By Leon Watson
Last updated at 12:11 PM on 28th December 2011
A fugitive Catholic priest accused of 55 child sex crimes has been deported from Brazil after eight years on the run, it was reported today.
Father Peter Kennedy, 72, was a the centre of a major abuse scandal in 2003 after one of his victims was awarded £271,000 – the largest known pay-out in a clerical sex abuse case in Ireland.
The man claimed the priest had raped him as a 13-year-old boy after coming to his family’s County Sligo home to administer the last rites to his father, who was dying of cancer.
Kennedy disappeared weeks later after it emerged up to 18 other individuals had come forward, accusing him of a catalogue of abuse stretching back to the 1980s.
More alleged victims have since made themselves known to police.
At the time, the cleric was rumoured to have fled to Brazil, and in 2004 Interpol issued a ‘blue notice’ against him, formally requesting his capture and deportation.
Kennedy is now known to have used a British passport to travel from London to Brazil, where he settled in Osasco, on the outskirts of Sao Paulo, and made a living by teaching English.
Brazil’s Estado de Sao Paulo newspaper reported today that federal police had been following the priest’s movements for the last four months, but didn’t make an arrest before necessary deportation documents had been finalised.
A police source told the newspaper that, as Brazil and Ireland don’t have a formal extradition treaty, police acted with deliberate caution so as not to arouse suspicion and allow Kennedy time to make legal attempts to block his deportation.
Brazilian Federal officers finally made their move on Monday morning, when they swooped on the priest before taking him directly to Sao Paulo International Airport.
At 11.30pm that night he was then boarded on a plane bound for London, where Irish authorities were waiting for him.
Kennedy was suspended from the ministry in 1986 after claims of abuse began to emerge and he had moved to London, where up until his escape to Brazil he had been working as a taxi driver.
Seven years later the Kiltegan Fathers, the order to which Kennedy belonged, paid the record-breaking compensation to his victim following a settlement of a High Court case.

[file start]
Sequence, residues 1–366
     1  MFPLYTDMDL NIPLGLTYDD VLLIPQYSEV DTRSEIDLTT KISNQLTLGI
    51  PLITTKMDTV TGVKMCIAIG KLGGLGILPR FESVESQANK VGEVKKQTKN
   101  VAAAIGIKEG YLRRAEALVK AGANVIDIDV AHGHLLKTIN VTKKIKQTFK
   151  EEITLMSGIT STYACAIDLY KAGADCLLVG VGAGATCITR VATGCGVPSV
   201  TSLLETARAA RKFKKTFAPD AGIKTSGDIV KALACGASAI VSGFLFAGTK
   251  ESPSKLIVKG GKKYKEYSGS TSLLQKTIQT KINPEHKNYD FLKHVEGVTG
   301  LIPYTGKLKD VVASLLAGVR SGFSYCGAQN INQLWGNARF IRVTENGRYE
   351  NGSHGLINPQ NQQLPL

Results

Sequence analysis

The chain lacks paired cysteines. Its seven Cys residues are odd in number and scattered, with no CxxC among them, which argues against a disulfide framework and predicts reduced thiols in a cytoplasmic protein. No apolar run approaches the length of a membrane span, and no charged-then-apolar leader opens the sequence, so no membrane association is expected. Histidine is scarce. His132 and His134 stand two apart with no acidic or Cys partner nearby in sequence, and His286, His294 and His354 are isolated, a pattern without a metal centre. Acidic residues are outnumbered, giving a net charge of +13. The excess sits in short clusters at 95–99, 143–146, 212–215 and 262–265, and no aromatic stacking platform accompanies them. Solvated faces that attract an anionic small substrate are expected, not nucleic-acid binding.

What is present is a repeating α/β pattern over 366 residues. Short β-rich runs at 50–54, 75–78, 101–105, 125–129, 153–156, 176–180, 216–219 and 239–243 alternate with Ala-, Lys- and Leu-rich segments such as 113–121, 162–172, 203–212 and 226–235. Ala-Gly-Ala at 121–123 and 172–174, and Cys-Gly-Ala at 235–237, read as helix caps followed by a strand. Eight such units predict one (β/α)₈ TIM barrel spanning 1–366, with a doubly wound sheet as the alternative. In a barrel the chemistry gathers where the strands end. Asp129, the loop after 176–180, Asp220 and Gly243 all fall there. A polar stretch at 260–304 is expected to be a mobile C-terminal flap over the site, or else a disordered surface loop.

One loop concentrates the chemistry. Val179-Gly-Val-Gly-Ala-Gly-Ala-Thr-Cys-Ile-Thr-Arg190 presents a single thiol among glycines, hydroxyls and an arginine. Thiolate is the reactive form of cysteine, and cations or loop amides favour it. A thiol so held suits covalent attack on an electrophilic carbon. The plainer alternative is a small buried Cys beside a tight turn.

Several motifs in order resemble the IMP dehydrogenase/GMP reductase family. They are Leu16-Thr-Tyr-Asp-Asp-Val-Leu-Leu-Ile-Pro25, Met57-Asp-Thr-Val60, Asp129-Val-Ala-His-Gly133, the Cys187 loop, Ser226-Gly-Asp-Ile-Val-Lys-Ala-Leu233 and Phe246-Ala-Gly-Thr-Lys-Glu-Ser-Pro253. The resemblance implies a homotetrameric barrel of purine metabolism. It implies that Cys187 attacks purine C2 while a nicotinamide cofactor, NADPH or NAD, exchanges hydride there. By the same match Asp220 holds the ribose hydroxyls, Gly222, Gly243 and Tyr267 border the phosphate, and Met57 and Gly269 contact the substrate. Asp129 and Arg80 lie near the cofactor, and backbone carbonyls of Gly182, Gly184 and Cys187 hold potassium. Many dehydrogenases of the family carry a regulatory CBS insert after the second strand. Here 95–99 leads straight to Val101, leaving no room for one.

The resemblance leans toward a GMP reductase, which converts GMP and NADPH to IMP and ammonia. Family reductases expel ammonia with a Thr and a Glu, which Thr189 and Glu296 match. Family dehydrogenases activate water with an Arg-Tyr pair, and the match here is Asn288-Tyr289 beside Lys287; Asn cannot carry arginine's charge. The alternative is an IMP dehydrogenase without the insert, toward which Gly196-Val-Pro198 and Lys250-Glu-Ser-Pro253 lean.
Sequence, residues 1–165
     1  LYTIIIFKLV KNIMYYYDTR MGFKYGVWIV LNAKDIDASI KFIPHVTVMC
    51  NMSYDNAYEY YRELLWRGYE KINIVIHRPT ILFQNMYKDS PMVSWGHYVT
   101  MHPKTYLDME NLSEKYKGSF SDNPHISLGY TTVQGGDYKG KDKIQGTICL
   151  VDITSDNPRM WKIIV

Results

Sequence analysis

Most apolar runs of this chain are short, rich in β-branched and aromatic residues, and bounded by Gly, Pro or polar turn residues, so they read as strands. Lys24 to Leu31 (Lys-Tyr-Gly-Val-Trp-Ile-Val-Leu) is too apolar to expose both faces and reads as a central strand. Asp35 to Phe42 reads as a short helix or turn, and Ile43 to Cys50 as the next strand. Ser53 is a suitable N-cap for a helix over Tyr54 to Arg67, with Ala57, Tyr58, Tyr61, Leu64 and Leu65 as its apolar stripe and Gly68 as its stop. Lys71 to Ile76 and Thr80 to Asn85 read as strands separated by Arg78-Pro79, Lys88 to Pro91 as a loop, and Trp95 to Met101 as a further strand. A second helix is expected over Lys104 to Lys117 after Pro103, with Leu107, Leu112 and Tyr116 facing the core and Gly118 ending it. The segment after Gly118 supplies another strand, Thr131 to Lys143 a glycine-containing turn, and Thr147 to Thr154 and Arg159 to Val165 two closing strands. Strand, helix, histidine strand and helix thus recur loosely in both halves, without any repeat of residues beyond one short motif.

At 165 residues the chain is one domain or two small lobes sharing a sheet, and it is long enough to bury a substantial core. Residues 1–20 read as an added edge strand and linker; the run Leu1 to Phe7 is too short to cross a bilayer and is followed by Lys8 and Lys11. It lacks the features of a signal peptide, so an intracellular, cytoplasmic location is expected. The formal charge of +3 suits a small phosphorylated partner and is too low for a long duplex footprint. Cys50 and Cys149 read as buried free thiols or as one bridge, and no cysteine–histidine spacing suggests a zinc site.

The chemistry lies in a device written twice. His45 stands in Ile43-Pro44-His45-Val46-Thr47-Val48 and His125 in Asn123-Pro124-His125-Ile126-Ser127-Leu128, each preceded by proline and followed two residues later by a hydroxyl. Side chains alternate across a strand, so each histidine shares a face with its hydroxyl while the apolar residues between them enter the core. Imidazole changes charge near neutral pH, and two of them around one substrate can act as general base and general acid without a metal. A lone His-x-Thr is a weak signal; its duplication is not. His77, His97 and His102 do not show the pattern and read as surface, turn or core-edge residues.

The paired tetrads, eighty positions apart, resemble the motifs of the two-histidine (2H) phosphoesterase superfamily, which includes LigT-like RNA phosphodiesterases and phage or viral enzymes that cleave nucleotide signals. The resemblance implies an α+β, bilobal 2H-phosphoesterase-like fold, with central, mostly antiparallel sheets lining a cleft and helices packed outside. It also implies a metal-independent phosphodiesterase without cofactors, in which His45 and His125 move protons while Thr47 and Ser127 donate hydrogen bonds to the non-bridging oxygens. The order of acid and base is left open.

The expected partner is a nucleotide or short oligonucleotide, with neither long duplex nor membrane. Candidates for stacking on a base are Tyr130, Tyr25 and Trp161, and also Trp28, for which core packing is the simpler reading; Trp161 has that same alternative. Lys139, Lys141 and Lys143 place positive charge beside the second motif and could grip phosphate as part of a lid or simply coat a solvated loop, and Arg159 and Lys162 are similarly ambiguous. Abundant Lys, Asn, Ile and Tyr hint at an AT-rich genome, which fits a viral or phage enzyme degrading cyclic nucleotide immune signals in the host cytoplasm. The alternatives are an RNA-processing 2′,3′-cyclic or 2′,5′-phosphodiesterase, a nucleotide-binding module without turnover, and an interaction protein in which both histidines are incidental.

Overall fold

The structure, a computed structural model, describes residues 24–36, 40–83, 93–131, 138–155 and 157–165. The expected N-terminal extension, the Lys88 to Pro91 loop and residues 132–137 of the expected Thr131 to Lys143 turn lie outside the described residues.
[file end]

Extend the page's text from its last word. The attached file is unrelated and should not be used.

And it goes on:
When news of Kennedy’s disappearance broke, the man’s victim’s brother made a passionate plea to track down the priest and bring him to justice.
The victim’s brother, named only as Joe, told how his mother had caught the priest molesting the young boy at their home.
He said: ‘My mother heard some roaring from my younger brother’s room. She found him on the floor with his pants down. Kennedy was standing over him adjusting his trousers.
‘The priest had told him he had power over life and death and the abuse was to have been their secret. My mother ran him from the house and told him never to come back.’
He said his brother had become an alcoholic at the aged of 18, self-harmed and tried to commit suicide as a result of the abuse he suffered.
He said: ‘No amount of money can compensate for that. What is 325,000 euros to a man who had 20 years of turmoil? It won’t bring back his life.
‘Until he is brought to justice the compensation money means nothing.’
Kennedy’s brother, named only as Joe, said at the time that he believed the priest had escaped to Brazil in a bid to evade prosecution.
He said: ‘We are happy that he (the victim) has had some recognition for what he has been through but nothing will compensate him for the misery he has been through.
‘The information available to us is that the gardam wanted to extradite Father Kennedy from London and when they went to get him he was gone.
‘It is believed that he is now in Brazil. To me that is a man on the run, there is no extradition from Brazil.’